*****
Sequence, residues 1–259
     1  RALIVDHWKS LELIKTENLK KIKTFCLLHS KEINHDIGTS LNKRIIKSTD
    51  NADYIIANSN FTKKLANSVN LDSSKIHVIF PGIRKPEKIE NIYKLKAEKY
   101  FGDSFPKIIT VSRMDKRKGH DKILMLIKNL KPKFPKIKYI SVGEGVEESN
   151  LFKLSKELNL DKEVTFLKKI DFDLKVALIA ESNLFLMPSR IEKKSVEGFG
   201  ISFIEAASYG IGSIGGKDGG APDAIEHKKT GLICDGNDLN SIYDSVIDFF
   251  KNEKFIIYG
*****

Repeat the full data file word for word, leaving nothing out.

Sequence, residues 1–259
     1  RALIVDHWKS LELIKTENLK KIKTFCLLHS KEINHDIGTS LNKRIIKSTD
    51  NADYIIANSN FTKKLANSVN LDSSKIHVIF PGIRKPEKIE NIYKLKAEKY
   101  FGDSFPKIIT VSRMDKRKGH DKILMLIKNL KPKFPKIKYI SVGEGVEESN
   151  LFKLSKELNL DKEVTFLKKI DFDLKVALIA ESNLFLMPSR IEKKSVEGFG
   201  ISFIEAASYG IGSIGGKDGG APDAIEHKKT GLICDGNDLN SIYDSVIDFF
   251  KNEKFIIYG